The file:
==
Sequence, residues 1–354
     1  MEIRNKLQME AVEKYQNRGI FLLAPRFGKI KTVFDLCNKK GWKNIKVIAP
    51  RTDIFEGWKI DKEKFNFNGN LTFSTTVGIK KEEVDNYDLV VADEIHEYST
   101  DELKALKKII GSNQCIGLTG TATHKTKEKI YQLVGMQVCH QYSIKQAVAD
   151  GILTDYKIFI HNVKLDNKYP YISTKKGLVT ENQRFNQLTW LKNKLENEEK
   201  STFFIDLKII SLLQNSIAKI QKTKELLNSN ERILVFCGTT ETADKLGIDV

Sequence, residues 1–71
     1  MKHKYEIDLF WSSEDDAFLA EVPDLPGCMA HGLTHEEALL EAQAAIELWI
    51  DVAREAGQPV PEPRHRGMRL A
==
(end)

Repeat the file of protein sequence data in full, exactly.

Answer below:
Sequence, residues 1–354
     1  MEIRNKLQME AVEKYQNRGI FLLAPRFGKI KTVFDLCNKK GWKNIKVIAP
    51  RTDIFEGWKI DKEKFNFNGN LTFSTTVGIK KEEVDNYDLV VADEIHEYST
   101  DELKALKKII GSNQCIGLTG TATHKTKEKI YQLVGMQVCH QYSIKQAVAD
   151  GILTDYKIFI HNVKLDNKYP YISTKKGLVT ENQRFNQLTW LKNKLENEEK
   201  STFFIDLKII SLLQNSIAKI QKTKELLNSN ERILVFCGTT ETADKLGIDV

Sequence, residues 1–71
     1  MKHKYEIDLF WSSEDDAFLA EVPDLPGCMA HGLTHEEALL EAQAAIELWI
    51  DVAREAGQPV PEPRHRGMRL A